Fly Free Tulip - A Little Black Flying Fox

by Gabi Friebe from Long Grass Wildlife Refuge and Bats Qld

flying fox

Tulip was an orphaned baby rescued from Esk. I got the call late afternoon and went to check. I saw the mother high up in a tree looking down and the baby was just hysterical. Seemed like a perfect reunite so I fed the baby, gave it a mumma roll tied to a branch where the mum could easily land and as I was on the way to Long Grass decided to leave the two to get together after dusk. The baby was calm by this stage and there was a helpful caller who would keep an eye on the situation who advised me that there was some altercation with dogs which is why they separated in the first place. 10pm I called to see if the mum was with bub. Sadly no and bub was screaming. Yes you guessed it back in the car for the trek to Esk to colect Tulip. Next day passing Esk on my way back to Batavia the mum was still up the tree fairly obviously injured by her altercation with the dogs and unable to fly. She had not moved. Such a sad situation but I was comforted slightly by knowing how pleased mum would be to not hear her baby screaming.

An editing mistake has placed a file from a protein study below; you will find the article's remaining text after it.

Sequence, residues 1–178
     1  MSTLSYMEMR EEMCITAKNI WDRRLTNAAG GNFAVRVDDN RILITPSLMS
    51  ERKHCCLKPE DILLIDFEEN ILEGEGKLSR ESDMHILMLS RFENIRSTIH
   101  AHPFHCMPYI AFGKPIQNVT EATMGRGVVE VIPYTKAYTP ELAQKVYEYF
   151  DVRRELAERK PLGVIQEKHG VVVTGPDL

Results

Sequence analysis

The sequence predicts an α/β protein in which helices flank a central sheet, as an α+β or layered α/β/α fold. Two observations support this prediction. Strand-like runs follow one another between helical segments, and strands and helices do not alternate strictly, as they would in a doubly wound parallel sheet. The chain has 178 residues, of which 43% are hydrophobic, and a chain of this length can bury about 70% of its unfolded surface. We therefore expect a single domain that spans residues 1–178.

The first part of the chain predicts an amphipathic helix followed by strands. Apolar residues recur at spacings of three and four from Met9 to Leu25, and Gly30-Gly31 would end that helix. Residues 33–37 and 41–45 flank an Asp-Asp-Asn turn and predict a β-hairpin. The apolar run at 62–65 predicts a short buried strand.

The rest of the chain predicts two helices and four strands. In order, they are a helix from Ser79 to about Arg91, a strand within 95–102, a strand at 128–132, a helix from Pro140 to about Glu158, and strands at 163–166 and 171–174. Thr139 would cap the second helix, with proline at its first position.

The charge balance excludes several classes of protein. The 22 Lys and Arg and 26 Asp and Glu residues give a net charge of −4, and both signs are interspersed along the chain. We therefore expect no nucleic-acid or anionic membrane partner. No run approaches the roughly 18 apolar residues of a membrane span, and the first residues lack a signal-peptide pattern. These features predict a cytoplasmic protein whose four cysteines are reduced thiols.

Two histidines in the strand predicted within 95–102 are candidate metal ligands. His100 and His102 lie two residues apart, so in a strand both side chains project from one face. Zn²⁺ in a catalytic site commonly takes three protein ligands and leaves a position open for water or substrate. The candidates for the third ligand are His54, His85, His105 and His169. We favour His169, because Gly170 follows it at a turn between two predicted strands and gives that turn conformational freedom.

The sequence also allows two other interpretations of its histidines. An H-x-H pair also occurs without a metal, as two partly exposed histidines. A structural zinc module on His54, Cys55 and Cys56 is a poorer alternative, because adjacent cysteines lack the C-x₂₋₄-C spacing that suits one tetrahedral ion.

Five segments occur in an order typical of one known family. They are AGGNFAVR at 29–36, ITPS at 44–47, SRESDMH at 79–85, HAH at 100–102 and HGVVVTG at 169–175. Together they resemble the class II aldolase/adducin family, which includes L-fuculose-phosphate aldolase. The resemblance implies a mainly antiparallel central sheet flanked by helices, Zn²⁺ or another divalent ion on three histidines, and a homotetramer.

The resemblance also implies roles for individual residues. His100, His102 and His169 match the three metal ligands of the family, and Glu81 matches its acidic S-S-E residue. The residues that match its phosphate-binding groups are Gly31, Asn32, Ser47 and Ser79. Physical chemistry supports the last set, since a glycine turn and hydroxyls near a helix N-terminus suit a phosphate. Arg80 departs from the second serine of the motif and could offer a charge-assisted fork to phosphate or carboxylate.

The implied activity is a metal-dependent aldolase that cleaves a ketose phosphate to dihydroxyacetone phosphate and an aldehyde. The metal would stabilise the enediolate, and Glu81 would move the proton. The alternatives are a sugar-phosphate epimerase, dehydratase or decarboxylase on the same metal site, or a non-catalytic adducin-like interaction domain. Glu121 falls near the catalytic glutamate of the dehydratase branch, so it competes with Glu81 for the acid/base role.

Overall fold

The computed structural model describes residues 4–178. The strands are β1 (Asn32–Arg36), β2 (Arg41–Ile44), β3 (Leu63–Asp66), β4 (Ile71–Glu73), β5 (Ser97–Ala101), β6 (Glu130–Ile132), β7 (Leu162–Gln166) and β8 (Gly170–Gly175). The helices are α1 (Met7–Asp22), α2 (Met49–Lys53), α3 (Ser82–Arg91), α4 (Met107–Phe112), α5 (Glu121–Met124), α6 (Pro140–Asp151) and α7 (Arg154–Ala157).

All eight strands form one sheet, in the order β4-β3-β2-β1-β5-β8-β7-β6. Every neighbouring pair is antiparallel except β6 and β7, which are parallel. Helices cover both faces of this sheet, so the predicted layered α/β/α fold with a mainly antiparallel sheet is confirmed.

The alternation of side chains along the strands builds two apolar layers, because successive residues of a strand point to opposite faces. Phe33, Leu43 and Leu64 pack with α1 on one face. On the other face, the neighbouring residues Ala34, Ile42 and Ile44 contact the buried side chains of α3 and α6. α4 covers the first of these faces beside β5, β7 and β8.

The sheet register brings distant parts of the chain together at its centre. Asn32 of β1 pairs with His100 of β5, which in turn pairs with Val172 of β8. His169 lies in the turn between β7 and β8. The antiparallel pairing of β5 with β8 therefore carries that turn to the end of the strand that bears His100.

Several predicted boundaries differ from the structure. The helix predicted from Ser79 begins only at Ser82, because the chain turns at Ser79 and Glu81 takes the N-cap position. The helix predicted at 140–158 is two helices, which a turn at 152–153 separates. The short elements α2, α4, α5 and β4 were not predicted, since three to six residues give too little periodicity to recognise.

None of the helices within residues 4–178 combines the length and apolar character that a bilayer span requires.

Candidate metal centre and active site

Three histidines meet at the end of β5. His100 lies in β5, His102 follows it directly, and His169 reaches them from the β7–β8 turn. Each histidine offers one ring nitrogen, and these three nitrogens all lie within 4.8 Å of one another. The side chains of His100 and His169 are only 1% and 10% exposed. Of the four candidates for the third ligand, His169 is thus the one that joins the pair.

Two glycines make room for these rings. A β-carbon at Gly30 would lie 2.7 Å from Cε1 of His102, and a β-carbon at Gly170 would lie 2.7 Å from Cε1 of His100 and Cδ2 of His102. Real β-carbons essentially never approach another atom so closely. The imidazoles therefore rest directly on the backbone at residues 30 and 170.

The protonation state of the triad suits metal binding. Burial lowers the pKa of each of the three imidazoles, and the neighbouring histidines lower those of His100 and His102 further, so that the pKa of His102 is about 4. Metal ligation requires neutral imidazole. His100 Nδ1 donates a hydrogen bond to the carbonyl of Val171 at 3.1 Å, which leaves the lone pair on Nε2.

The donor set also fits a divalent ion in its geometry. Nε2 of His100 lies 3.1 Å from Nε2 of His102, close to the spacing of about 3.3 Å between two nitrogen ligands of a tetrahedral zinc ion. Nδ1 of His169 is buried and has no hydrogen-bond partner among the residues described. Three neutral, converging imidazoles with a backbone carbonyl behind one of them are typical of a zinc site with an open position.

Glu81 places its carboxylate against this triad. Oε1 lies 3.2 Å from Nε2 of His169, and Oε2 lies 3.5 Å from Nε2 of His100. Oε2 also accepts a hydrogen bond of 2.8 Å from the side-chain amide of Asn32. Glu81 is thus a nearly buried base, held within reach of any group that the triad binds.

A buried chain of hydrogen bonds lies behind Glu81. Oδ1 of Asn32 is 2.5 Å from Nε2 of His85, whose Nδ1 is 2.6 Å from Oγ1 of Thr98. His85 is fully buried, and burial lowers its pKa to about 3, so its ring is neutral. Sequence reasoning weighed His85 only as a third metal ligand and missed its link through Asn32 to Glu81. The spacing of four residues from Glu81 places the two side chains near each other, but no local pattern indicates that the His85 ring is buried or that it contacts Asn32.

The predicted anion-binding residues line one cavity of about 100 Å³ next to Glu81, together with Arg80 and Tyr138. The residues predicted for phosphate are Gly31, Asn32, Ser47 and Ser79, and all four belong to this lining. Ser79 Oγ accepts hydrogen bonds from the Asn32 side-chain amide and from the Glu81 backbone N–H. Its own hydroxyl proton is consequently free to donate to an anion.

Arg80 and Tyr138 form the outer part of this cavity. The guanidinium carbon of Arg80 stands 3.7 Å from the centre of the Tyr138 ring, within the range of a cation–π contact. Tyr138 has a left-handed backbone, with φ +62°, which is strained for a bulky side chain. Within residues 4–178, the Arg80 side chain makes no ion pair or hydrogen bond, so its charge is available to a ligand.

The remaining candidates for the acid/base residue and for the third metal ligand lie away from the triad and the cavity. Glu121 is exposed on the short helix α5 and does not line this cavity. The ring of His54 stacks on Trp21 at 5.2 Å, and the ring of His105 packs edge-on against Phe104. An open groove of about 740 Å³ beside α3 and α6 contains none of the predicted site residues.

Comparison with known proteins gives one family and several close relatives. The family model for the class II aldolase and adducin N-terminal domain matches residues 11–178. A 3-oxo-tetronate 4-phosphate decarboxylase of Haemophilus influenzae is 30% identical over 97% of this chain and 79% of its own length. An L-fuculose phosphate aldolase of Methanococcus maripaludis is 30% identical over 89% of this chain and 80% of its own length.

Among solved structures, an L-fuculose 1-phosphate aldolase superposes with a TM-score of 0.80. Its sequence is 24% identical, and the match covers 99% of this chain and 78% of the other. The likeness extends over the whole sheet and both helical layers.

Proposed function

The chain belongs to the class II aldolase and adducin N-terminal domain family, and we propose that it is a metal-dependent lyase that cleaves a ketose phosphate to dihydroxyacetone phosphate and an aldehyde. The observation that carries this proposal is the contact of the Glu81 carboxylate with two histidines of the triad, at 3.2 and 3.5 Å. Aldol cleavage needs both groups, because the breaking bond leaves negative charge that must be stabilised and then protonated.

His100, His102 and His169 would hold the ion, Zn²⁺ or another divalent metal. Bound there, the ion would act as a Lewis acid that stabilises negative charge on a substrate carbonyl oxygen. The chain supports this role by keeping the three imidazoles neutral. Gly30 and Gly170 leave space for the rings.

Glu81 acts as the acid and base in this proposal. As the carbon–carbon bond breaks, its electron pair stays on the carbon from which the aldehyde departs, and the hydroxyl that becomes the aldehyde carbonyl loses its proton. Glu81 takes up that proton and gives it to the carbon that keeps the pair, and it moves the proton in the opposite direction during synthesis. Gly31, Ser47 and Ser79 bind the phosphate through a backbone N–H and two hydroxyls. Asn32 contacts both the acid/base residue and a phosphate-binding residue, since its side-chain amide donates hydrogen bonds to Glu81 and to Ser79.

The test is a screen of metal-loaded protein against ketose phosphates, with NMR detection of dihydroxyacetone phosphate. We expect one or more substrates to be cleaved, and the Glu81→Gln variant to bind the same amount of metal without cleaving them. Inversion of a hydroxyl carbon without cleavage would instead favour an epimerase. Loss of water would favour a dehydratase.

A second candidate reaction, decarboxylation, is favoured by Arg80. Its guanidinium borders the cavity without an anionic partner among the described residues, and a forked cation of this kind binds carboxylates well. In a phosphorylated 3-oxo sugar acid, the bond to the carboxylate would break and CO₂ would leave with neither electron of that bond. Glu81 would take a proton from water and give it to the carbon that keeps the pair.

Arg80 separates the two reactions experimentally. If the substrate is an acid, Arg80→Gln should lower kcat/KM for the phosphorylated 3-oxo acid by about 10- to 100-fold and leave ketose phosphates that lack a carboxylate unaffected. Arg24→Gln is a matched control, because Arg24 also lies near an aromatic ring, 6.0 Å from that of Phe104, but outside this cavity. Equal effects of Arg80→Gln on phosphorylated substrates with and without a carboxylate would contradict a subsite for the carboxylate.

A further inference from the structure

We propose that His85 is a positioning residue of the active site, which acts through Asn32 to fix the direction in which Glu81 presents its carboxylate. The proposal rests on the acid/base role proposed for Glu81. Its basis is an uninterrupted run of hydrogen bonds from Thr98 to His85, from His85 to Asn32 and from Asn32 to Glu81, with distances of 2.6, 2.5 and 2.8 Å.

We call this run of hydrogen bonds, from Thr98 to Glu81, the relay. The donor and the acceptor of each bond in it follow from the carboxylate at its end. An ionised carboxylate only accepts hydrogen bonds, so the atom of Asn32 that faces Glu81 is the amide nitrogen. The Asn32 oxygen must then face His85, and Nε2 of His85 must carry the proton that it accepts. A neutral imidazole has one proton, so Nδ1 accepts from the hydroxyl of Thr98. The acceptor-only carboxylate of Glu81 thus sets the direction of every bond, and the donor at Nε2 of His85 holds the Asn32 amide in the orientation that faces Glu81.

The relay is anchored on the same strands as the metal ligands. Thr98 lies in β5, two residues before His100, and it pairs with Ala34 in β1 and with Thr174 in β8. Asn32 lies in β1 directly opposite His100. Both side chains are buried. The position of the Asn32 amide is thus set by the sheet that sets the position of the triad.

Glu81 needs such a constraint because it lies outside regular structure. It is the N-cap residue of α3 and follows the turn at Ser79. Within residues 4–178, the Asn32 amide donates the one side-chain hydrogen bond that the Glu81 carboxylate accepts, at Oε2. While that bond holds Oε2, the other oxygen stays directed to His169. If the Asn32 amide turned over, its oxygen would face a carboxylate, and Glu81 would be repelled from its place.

Now back to the lactose story. During our extensive milk research the 2 milks that were suitable and trialled were 1st preference Wombaroo flying fox milk and 2nd goats milk with calcium syrup. Tulip was fed goats milk with calcium by her new mum along with her step sister. Step sister was fine but Tulip did not develop. We tried worming her, dose of antibiotics as poops were awful but nothing worked. No weight gain and no forearm growth. After 3 weeks Tulip was quite close to death and we decided between the carer and us to take her up to Oz zoo for an autopsy. Tulip came to Long Grass with crusty wings, white and black faeces and not a well baby at all. We gave her wombaroo flying fox milk as this was all we had as it would be 2 days until we could get her to the hospital. Lo and behold Tulip started to get better in ever so tiny steps. Needless to say she did not get taken to the zoo and is now in creche 2 just under weight for age. We are assuming that Tulip was lactose intolerant. Wombaroo flying fox milk is based on cows milk however Wombaroo fracture the casein and whey and affecting the fat molecule and lactose content of the milk. This is the first year Bats Qld have used Wombaroo Flying Fox milk and we are very happy with the results which including a bone scan of one bat showing wonderful bone development. Wombaroo Flying Fox milk is now the only milk recommended.

Gabi FriebeGabrielle Friebe has been wildlife carer for over 35 years and has rescued and rehabilitated countless animals and birds.

You can learn more about her work at:


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